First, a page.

Law enforcement professionals unanimously agree that police vehicular pursuits are dangerous and that they must be controlled (Alpert, Kenney, Dunham, & Smith, 2000), but questions remain as to how dangerous they are and how they should be controlled.  That debate has been ongoing for a long time and continues unabated today.

Click on subtitles for full text. 

The CHP, however, interpreted the results of their study to make the questionable policy judgment that, "Undoubtedly, innocent people may be injured or killed because an officer chooses to pursue a suspect, but this risk is necessary to avoid the even greater loss that would occur (emphasis supplied) if law enforcement agencies were not allowed to aggressively pursue violators."  That philosophical statement best represents the demarcation in thinking that still exists within the law enforcement community 20 years later.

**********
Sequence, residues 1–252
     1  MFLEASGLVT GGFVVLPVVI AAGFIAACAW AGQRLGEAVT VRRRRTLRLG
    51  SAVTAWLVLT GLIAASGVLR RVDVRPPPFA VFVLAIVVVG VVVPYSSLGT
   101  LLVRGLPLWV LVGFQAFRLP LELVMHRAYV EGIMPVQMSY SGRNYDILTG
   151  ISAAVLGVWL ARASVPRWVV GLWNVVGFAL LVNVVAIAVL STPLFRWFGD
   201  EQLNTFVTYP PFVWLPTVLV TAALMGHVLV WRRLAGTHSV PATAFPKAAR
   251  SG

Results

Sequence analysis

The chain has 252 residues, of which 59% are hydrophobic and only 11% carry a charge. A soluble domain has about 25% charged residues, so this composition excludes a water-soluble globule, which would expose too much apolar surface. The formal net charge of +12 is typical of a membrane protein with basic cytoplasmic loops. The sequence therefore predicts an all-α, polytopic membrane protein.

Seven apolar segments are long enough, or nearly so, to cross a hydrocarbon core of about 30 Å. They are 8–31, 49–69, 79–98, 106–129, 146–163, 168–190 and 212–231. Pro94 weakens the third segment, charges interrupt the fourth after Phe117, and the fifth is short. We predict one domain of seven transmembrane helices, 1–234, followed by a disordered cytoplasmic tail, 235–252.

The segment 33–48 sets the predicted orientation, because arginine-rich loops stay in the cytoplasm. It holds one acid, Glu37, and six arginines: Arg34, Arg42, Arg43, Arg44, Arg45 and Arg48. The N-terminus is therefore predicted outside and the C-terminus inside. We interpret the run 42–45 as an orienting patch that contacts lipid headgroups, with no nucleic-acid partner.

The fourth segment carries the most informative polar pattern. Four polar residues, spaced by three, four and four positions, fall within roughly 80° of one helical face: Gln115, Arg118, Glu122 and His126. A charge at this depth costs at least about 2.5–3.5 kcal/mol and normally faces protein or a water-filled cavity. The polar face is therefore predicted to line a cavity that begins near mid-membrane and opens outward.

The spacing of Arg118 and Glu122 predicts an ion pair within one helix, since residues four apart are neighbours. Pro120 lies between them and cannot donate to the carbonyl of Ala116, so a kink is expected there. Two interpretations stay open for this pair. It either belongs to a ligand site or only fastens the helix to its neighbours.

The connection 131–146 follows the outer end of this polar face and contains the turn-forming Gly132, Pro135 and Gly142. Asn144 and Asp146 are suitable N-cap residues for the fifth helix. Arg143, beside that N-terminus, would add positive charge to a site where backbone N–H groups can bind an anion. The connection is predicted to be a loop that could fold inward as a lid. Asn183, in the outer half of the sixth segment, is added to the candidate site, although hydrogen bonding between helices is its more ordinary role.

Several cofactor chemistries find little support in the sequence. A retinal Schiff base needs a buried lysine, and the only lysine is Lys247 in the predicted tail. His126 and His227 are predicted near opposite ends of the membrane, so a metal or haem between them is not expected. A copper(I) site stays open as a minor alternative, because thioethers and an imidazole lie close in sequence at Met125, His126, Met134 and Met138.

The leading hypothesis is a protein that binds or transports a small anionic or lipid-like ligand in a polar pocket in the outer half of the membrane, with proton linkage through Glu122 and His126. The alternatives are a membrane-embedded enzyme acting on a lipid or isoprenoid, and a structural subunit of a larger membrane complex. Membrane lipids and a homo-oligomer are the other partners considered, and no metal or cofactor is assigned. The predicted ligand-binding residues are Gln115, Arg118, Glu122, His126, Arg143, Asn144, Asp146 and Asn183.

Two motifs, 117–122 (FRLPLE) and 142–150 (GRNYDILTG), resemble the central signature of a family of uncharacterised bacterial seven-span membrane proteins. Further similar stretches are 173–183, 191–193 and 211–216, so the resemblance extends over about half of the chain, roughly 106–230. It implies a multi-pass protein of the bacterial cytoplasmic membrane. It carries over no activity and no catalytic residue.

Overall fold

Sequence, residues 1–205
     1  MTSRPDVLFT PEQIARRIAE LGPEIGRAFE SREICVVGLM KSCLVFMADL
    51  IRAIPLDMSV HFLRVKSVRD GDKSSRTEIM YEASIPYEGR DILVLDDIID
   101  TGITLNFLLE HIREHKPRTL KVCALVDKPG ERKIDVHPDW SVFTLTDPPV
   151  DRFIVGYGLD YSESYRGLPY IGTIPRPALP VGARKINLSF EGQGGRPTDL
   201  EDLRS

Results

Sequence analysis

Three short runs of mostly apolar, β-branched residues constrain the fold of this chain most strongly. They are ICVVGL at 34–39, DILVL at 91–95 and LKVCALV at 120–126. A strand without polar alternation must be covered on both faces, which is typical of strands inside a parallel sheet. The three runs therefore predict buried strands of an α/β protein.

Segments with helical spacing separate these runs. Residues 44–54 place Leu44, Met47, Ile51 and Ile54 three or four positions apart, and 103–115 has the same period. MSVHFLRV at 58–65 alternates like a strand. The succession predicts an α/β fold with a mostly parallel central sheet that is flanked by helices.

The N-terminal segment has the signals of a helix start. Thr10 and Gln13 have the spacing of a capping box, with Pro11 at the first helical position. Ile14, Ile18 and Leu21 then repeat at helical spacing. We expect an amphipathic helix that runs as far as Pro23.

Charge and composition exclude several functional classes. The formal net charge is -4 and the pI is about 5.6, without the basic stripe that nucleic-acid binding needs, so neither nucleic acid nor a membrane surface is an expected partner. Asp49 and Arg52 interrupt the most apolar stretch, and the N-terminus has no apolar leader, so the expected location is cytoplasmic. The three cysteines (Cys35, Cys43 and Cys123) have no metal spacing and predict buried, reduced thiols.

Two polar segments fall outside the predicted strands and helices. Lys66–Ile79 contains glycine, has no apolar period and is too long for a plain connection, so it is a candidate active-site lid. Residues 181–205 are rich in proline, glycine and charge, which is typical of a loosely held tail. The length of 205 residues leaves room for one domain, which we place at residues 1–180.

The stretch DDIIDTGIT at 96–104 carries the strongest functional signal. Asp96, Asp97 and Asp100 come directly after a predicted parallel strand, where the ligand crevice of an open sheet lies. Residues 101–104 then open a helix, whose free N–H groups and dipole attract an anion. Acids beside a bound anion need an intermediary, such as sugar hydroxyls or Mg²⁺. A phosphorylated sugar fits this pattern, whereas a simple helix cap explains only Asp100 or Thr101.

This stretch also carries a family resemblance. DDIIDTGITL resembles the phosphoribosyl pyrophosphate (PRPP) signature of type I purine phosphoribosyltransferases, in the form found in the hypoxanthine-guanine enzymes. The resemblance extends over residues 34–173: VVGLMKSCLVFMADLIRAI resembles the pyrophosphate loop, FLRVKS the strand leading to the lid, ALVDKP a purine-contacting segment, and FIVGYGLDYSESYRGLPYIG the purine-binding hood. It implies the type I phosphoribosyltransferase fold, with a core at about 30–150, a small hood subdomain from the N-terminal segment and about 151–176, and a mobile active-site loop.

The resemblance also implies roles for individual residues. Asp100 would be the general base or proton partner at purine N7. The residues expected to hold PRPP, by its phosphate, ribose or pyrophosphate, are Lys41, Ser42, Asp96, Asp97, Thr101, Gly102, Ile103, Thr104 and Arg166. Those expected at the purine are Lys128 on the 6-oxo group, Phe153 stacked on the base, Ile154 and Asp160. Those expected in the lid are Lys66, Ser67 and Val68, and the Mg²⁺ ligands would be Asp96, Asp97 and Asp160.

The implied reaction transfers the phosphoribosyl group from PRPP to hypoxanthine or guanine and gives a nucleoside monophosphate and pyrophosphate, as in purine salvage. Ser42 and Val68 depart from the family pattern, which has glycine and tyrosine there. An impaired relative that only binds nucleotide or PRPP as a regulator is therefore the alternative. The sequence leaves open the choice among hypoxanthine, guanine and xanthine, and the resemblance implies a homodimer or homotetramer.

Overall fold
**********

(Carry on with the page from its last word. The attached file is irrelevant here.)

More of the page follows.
This article takes the position that the risk is not always necessary, and there is no reason to believe that a greater loss would occur from taking less risk. There are essentially two prevailing myths of the pro-chase faction: (1) if a driver runs from the police, he or she must have committed a more serious crime that will be discovered after apprehension and (2) if we adopt a policy of not chasing everyone who runs, everyone will run.

Policy, Training, Supervision, and Accountability